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Volume 68, Issue 100, Thursday, February 20, 2003

Arts & Entertainment

'Aeros' flips into Hobby Center

By Chris Goodier
The Daily Cougar

The creators of "Stomp" return with "Aeros: The Illusion of Flight," a gravity-defying flight fusing the grace of dance with athletic agility. Itis playing this Friday and Saturday only.

The Society for the Performing Arts will host the group, which is made up of 15 medal-winning members of the Romanian Gymnastics Federation.

Photo courtesy of The Society for the Performing Arts 
Performers of "Aeros: The Illusion of Flight" defy gravity by fusing the grace of dance with athletic gymnastic agility. The group is composed of medal-winning members of the Romanian Gymnastic Federation. 

The idea behind the show originated in 1997, when a Milan producer met with choreographers Daniel Ezralow, David Parsons and Moses Pendleton. Two years of brainstorming landed the team in Bucharest, Romania, where the worldis only performing arts project for a national gymnastics squad began. 

The squad worked on muscular strength, equilibrium and harmony. The production focuses on aerobic gymnastics, which is "similar to aerobic exercises, but more tactical and developed," Ezralow explains on the productionis Web site,

Aerobic gymnastics is not a sanctioned Olympic event; only two forms of gymnastics, artistic and rhythmic, are offered to global judging panels. Competitors in the artistic form use rings, bars and other such equipment. Rhythmic gymnasts use balls and sticks.

Ezralow expresses his underlying motivation on the Web site: "Iim incredibly inspired by the way people push (and elevate) their bodies to forms of mastery and beauty. It helps you appreciate the body as a means of expression, versus words, versus sounds. These are phenomenal bodies that fly through space."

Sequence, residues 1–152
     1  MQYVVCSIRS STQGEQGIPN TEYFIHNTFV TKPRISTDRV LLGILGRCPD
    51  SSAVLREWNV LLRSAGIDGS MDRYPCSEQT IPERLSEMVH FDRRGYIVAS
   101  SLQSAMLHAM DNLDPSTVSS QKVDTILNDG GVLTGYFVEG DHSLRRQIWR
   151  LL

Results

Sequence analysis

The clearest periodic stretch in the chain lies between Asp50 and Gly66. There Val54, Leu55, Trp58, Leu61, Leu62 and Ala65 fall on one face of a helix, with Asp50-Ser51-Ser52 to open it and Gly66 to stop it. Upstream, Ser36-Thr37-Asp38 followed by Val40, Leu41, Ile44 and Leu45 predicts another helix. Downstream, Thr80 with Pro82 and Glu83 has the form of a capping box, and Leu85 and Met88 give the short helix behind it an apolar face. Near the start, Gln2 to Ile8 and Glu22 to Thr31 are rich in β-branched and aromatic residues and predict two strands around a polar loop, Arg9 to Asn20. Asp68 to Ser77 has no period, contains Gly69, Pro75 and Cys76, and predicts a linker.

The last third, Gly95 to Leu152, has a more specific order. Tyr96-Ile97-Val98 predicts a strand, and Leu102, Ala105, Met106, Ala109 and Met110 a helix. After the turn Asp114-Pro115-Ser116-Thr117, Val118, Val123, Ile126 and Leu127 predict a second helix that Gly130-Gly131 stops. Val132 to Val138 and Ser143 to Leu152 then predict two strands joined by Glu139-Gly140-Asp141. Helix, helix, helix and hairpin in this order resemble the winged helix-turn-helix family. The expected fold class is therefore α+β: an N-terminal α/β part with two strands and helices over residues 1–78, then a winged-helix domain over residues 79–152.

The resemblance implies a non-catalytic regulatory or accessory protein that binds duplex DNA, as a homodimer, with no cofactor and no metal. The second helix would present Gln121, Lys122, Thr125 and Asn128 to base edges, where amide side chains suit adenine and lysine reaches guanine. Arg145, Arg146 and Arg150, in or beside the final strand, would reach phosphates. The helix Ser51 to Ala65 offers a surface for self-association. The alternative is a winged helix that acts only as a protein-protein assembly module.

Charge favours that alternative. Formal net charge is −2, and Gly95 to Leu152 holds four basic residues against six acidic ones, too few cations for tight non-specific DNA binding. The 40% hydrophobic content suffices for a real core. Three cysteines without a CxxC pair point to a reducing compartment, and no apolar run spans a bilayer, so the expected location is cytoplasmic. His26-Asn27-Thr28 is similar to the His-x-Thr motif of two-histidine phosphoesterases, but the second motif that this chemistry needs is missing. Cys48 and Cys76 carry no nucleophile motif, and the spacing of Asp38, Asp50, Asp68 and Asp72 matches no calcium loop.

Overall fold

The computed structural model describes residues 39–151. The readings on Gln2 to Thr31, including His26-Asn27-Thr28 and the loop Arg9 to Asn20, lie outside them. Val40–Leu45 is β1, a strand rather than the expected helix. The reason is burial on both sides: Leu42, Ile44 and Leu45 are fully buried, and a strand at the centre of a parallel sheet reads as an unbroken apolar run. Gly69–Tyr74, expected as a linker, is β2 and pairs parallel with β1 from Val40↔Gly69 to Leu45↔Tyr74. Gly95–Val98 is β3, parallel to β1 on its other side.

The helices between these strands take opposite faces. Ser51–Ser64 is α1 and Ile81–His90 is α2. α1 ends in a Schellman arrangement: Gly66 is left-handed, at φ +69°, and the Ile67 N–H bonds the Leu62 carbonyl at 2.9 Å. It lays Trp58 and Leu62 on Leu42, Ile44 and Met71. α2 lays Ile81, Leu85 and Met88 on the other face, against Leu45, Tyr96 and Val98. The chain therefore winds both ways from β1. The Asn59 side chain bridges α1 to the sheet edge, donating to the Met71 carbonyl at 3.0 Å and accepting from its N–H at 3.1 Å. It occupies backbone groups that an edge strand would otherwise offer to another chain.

Choreographers worked to recreate the reputed Romanian mystique of Olympic gymnastics by casting Gold Medal winners, but initially found the experience awkward. While dancers act onstage, the form of gymnastic execution is very functional. Physical imagery is emphasized in the showis soaring contortions, though directors rely on entertainment as well.

"Weire interested in creating something people get, not to place something over peopleis heads. ‘Aerosi makes you feel as if youive been taken on a journey of what the physical body is capable of," Ezralow said on the Web site.

Donit miss out on the show that The Washington Post called "exceptional, jaw-dropping, aplausing-inducing stuff" and the Chicago Sun-Times describes as "a mix of humor, eroticism, sculptural experimentation and hard-core muscularity."

"Aeros" runs at 8 p.m. Friday and Saturday in Hobby Centeris Sarofim Hall, 800 Bagby St. Tickets are $15 to $50 and can be purchased online at or by phone at 713-227-4SPA. Tickets are often available at Jones Hall, 615 Louisiana St., for half price the day of the show. 
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